mysql Chapter One (Introduction)

Documentation Version: 0.80

mysql Version: 3.20.16

About this manual

This manual is distributed in the hope that it will be useful, but WITHOUT ANY WARRANTY; without even the implied warranty of MERCHANTABILITY or FITNESS FOR A PARTICULAR PURPOSE.

This manual may be used freely if it is not sold. If you want to include it as part of a commercial product you must contact me (Michael J. Miller Jr, mke@netcom.com) for terms and conditions.

Now that we've gotten past that, to the good stuff.

 I've created a tutorial/sample database that is used in the examples listed throughout this manual. You can find it in Appendix B. Currently there aren't a lot of examples. As mysql has stabilized now I hope to add a lot of examples before making the 1.0 release of this manual.

 At the top of each chapter you'll find the following two labels.
 

Documentation Version: 0.80

mysql Version: 3.20.16

The first indicates that this is version 0.80 of my manual for mysql. The second indicates that this manual contains information for mysql version 3.20.16. If you are using an older version there will be information in this manual that doesn't apply to you. If you are running a newer version there are likely to be features that are not documented by this version.

The latest version of this manual will always be available at

HTTP://terrapin.turbolift.com/mysql.

 A work in progress version can be found at.

 HTTP://terrapin.turbolift.com/mysql/testing/.

 The WIP version will be updated as I make corrections and add new stuff. The Index is likely to be the last thing I update before a release, so don't rely on it.
 
 

Acknowledgments

I want to thank Michael Widenius for writing mysql and providing much of the information in this manual, and TcX DataKonsulter AB for letting him :-)

 I want to thank David Axmark for maintaining the excellent mysql FAQ from which much of the content of this manual has been taken. I also want to thank all the mysql users who have sent in corrections and suggestions. This sort of help makes a BIG difference. I want to especially thank Bert Vermeulen for extensive help in the formatting of this manual.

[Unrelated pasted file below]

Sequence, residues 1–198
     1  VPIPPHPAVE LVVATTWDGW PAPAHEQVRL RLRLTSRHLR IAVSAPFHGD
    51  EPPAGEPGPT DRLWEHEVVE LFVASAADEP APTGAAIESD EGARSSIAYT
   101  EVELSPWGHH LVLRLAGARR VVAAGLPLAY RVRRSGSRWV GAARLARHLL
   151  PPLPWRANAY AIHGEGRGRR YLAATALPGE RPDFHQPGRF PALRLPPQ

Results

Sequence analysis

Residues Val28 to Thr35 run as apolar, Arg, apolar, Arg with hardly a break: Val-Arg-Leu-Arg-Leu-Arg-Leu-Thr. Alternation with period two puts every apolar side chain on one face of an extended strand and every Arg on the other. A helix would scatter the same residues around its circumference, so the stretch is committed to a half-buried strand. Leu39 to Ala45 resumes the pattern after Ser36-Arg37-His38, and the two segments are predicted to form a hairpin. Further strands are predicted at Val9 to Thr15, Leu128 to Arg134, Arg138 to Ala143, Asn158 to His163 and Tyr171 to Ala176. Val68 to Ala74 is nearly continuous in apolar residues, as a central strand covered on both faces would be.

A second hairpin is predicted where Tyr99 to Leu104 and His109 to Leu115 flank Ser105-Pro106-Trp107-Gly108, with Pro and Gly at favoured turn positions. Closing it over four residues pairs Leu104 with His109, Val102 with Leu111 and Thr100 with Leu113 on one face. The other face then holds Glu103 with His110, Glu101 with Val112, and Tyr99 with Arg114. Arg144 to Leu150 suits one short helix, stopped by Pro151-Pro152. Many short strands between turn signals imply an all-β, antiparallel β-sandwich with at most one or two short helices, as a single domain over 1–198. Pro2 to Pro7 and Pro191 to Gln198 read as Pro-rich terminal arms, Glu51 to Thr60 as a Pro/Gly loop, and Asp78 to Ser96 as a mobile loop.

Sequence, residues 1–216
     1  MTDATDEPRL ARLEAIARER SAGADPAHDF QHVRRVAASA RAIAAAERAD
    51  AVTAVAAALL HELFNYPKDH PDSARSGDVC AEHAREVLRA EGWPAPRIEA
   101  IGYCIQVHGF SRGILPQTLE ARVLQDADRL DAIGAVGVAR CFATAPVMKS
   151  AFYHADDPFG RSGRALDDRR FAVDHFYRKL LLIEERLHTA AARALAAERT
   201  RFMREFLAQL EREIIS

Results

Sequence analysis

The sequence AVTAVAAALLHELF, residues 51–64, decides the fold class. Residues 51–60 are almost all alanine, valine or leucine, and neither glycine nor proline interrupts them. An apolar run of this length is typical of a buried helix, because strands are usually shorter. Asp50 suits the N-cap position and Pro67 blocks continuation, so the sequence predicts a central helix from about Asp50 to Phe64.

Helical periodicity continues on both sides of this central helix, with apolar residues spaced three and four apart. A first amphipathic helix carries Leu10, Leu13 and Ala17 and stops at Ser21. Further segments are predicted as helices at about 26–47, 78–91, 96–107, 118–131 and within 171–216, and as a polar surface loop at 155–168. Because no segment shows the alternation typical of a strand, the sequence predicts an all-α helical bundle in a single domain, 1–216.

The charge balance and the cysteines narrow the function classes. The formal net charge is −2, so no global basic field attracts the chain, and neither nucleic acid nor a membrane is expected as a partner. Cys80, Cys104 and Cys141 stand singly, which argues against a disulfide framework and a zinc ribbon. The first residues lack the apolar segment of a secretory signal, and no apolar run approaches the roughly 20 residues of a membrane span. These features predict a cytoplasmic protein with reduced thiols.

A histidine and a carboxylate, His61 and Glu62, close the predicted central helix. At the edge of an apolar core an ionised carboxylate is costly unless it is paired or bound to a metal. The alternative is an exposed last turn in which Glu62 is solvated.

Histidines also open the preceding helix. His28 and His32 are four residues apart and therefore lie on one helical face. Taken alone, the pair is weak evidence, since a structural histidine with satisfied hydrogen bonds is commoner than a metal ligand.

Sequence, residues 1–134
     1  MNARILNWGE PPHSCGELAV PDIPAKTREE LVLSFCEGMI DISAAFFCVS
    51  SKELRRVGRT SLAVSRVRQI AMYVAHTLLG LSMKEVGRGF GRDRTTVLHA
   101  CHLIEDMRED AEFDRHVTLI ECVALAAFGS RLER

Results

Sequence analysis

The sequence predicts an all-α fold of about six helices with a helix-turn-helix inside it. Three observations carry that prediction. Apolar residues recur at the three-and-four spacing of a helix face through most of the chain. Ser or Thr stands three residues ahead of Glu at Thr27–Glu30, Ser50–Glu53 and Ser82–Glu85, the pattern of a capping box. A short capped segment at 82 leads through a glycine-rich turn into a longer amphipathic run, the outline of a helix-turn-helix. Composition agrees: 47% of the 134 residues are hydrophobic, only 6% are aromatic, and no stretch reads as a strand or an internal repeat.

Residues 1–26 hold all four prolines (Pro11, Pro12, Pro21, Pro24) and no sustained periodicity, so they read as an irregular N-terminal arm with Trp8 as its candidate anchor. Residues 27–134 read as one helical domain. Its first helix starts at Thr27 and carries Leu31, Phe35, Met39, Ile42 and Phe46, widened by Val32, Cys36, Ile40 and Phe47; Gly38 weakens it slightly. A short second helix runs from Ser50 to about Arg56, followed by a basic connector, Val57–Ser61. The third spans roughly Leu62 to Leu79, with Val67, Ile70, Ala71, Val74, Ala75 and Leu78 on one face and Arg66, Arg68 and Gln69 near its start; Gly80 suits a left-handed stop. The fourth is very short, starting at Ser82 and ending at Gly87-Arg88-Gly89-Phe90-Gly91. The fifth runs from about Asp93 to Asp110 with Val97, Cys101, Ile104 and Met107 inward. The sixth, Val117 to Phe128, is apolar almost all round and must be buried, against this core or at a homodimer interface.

What is mysql?

mysql was created by Michael Widenius, (monty@analytikerna.se). It is a small, fast and capable relational database in the tradition of Hughes Technologies Mini SQL database. (NOTE that the mysql database package contains no Mini SQL source code, it does however share some of the same look and feel both in the C API and in the names and function of many of it's programs. This has been done to make it relatively easy to port Mini SQL applications and utilities to mysql.)

 The client portion of mysql has been placed in the public domain while most of the rest of mysql is distributed under the license listed in appendix A of this document. There are small portions that are covered by either a Berkeley style copyright, or GNU licenses.

 David Axmark created and maintains the autoconf portion of mysql, along with maintaining the mysql FAQ.

 The latest version of mysql can be found at HTTP://www.tcx.se.

What does mysql offer?

The following are amongst the features that mysql supports.
 
 

What is SQL?

SQL stands for Structured Query Language. SQL is a language designed for interacting with relational databases. It does this by allowing users to describe the data they wish to see. It is also possible to define and manipulate data in a database by using SQL. The SQL used in mysql follows entry level ANSI 92 SQL specification fairly closely.

 For more information see Chapter 3.

How do I talk to mysql?

The most basic way to communicate with the mysql database engine is by use of the mysql program. The mysql program is the client portion of the mysql database system. It offers the capability to execute SQL commands either on the Unix command line or from within mysql's interactive mode. For more information on the mysql client program please see chapter 2.

 The mysql database system also provides a C library API. You can use the C library API to query a database, insert data, create tables, etc. The C API supports all mysql functionality. For more information on the C programming API please see chapter 4.

 PERL is supported in two ways. First of all there is a port of the perl mini-SQL interface written by Andreas Koenig (a.koenig@mind.de). There is also a perl DBD module available. For more information on the PERL API's see chapter 5.

 There is also a 32bit ODBC drive available for the mysql database system. This driver will enable you to load and retrieve data from other data sources that support ODBC. For more information on the ODBC driver see the mysql home page.